Patrick froze momentarily, and then he shrugged in what looked like an almost unconscious gesture. “Oh, yeah?” he asked, his tone casual.
Jay nodded. “Any one of us would pretty much do whatever Bryan asked—Leah, Chloe, Kenny,” he said, gesturing toward the guitarist. “We’ve got a couple of things in common.”
“Like what?” Patrick asked as he drained the second beer in a fraction of the time it had taken him to work through his first one.
“Prison time,” Jay said simply. “That, and Bryan helped ease all of us back into polite society.”
“By putting you to work in his bar,” Patrick said, sounding doubtful.
Jay could see how it might look from the outside, but he’d defend Bryan to his last breath, so he said, “Most of us aren’t really nine-to-five kinds of people. It’s a comfortable fit here, more than a lot of places,” he said. “For some, it’s the closest thing to a home they’ve got, the closest thing to a family.”
“How’d you hear about him?” Patrick asked.
“It usually works the other way around,” Jay said. “He was a parole officer for twenty years. He retired at forty-five and opened the bar, but he’s still got a lot of contacts. He finds people.”
Patrick seemed to ponder that for a minute, and then he said, “You said ‘all of us’. So that includes you?”
Jay turned back to face him and met his gaze head-on. “Yeah, he found me. I’d just gotten out of Foothills up in Morganton, North Carolina.”
Patrick’s eyes narrowed. “And the rest of them?” he asked, gesturing around the now almost-empty bar.
“All of the staff, yeah, even the guys in the band. We’re a motley collection of the rehabbed, the recovering, and the reformed,” Jay said. “We do better some days than others, but at least we’re trying, and Bryan’s big into acceptance.”
Patrick gave him a puzzled look. “Acceptance….”
“Taking people where they are,” Jay explained. “Acknowledging the good and the bad and finding a way to use what you’ve learned to help someone else.”
“It sounds like a twelve-step program,” Patrick said.
“I guess,” Jay said, “though Bryan’s more of a believer in self-determination than putting it all on some higher power.” He looked up again and found Patrick staring at him, looking bemused. “What?” he asked.
Before Patrick could answer, raised voices from the corner caught Jay’s attention. The yahoos hadn’t appreciated the early close, apparently, and one of them, a short stocky guy with beefy arms, had stood up and was waving money in Leah’s face, barking something about her taking his goddamn money and getting him his goddamn drinks, goddamnit.
“Crap,” Jay said, moving swiftly around the bar. Damn it, he’d forgotten about the freakin’ tourists. Truth be told, he’d let himself get distracted. With a silent apology to Bryan for the disruption of what they all considered, oddly enough, their safest space, Jay headed for the corner, only to smack up against a wall of gray T-shirt. Patrick hadn’t had to go around the bar, and therefore had made it to the table a few critical seconds faster than Jay—Patrick, who looked like he’d enjoy nothing more than tossing a drunken tourist through a plate-glass window.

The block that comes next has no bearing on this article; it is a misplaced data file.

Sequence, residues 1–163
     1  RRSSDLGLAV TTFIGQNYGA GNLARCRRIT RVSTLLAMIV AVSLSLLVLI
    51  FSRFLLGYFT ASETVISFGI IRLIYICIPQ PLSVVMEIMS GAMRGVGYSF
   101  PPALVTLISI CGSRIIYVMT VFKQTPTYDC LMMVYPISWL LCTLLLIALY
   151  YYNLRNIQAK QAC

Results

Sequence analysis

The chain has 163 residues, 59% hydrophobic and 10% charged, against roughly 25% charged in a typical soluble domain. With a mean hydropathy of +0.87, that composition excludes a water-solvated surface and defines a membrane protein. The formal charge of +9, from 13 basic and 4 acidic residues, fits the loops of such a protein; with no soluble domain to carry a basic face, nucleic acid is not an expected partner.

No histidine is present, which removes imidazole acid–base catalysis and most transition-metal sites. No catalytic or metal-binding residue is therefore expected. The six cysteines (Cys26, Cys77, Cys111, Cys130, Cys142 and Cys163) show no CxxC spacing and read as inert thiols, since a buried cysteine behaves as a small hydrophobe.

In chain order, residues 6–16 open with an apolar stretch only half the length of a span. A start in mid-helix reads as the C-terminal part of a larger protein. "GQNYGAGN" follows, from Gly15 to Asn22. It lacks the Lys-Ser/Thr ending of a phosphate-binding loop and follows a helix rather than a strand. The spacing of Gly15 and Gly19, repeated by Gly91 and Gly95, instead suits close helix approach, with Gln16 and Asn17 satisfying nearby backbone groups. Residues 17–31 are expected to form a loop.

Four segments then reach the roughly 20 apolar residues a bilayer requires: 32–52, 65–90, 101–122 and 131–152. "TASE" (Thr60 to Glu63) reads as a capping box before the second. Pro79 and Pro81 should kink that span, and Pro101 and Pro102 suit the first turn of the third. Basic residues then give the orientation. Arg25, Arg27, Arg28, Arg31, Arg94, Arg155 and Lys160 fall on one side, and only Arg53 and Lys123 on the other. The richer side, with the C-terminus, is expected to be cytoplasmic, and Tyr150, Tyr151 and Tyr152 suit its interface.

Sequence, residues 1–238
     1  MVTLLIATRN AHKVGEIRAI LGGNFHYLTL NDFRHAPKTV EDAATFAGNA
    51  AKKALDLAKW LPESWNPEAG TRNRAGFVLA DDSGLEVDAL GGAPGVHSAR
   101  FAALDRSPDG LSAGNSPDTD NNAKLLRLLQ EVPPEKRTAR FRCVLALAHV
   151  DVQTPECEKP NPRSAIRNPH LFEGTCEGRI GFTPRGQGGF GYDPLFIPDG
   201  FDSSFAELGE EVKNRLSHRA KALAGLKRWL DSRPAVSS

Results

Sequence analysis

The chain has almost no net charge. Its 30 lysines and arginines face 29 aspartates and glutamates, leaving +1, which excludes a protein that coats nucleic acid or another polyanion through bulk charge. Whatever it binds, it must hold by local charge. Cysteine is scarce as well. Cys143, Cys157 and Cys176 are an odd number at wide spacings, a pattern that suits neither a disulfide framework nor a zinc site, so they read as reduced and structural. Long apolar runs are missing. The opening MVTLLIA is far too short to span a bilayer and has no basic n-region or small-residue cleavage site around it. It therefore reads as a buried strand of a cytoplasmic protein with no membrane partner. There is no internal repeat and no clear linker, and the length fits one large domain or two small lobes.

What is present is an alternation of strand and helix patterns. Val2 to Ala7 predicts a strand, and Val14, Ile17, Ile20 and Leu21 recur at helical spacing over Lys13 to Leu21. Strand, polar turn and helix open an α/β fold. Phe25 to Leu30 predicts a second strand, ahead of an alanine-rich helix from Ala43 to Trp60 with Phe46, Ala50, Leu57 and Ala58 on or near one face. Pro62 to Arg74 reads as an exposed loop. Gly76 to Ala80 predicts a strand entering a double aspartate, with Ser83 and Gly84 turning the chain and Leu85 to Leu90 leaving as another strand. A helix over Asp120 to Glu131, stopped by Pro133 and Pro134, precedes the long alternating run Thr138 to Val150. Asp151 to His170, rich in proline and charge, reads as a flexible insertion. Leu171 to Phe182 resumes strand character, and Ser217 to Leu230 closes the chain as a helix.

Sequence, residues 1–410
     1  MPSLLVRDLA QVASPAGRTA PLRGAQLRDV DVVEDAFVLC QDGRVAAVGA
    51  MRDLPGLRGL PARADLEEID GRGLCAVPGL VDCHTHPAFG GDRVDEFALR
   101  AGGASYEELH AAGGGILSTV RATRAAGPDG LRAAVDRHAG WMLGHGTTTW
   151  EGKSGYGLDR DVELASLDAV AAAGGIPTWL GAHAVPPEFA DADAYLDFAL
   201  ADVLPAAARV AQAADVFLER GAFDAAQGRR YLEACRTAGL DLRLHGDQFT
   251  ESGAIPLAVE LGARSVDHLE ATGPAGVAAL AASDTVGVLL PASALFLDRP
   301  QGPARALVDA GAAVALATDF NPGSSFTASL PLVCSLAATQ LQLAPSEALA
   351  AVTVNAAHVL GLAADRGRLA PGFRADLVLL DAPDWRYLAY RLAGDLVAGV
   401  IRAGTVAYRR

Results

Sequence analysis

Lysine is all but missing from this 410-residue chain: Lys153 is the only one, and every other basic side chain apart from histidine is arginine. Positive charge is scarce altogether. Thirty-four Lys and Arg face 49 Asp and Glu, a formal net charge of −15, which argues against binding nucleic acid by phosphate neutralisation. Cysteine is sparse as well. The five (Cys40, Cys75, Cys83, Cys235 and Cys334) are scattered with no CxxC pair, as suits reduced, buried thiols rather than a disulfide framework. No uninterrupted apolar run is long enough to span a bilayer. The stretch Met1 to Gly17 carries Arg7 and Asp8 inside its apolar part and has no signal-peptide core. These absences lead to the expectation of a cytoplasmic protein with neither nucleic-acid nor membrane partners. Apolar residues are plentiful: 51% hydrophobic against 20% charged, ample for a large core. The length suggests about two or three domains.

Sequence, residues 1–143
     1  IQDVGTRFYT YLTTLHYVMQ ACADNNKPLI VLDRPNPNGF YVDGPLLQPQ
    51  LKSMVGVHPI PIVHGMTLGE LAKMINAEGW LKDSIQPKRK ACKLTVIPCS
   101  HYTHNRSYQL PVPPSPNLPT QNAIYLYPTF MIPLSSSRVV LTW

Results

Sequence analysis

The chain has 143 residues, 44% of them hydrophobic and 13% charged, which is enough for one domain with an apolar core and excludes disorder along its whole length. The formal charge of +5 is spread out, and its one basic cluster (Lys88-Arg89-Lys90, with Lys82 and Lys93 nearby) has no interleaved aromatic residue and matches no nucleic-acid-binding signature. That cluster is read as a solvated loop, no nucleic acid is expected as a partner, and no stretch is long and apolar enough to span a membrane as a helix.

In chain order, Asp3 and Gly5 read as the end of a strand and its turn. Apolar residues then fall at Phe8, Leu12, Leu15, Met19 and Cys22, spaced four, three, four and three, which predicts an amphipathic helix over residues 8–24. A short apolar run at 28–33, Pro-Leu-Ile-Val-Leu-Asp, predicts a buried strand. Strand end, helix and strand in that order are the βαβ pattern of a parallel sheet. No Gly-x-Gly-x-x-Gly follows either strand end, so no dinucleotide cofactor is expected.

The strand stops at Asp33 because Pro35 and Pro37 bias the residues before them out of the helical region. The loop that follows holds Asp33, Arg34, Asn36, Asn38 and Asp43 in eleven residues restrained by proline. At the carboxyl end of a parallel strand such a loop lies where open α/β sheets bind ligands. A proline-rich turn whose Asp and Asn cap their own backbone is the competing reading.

Jay put his hand on Patrick’s shoulder and pressed hard enough to get his attention. “I’ve got this,” he said, his voice low.
Patrick turned toward him and breathed out sharply through his nose. Jay could practically feel the violence skating just under the surface and wondered what it took for him to back up and let Jay move in front of him. He noticed that Patrick stayed pretty close, though, close enough for him to understand that whatever might go down, Patrick had his back.
A heady feeling, that.
Jay moved forward, stepping between the irate customer and Leah. He loomed over the guy, assuming his height alone would give him, at the very least, some psychological leverage.
“We’re closing for the night,” he said in a tone that he hoped made clear he didn’t plan on hearing any argument about it, deftly taking the cash from the man’s hand. “Do you need change or does this include a tip for your server?”
The guy flushed. “What kind of pissant bar closes at eleven?”
“This one,” Jay said firmly. “Try the Underground if you’re still thirsty.”
One of the other men at the table stood up, and it looked like things might escalate, but then Jay felt Patrick step in closer behind him, his chest brushing Jay’s shoulder, close enough that he could feel heat radiating against his back. Again, the pull of him created a barely conscious urge to lean back and let Patrick take his weight, to see what it felt like when Patrick let go of some of that iron control. He’d never experienced anything quite like it, never met anyone with a presence so dominant that it made everything else pale in comparison.
What Jay felt as an almost irresistible sexual charge from Patrick seemed to elicit a very different reaction from the customers. As one, they stood, and the ringleader muttered, “Keep it,” as he motioned the others toward the door.
After the door closed behind them, Jay lifted his hands and said, loudly enough to carry, “All right, move along, folks. Nothing to see here,” drawing a good-natured laugh from the remaining customers. To Patrick, he said, more quietly, “Thanks.”
Patrick gave him a short nod. He seemed almost disappointed that no fracas had ensued. “Like you said, you had it under control,” he said. “You didn’t need my help.”
“Still,” Jay said, extending his fist for Patrick to bump. “I appreciate it.” Then he handed Leah her surprisingly generous tip with a smile, saying, “Sorry, sweetie. I should’ve been paying more attention.”
Leah took the money and tucked it in her pocket after giving Patrick a nervous glance. Then she stretched up, kissed Jay on the cheek, and said, “It’s not your fault the world’s full of assholes.”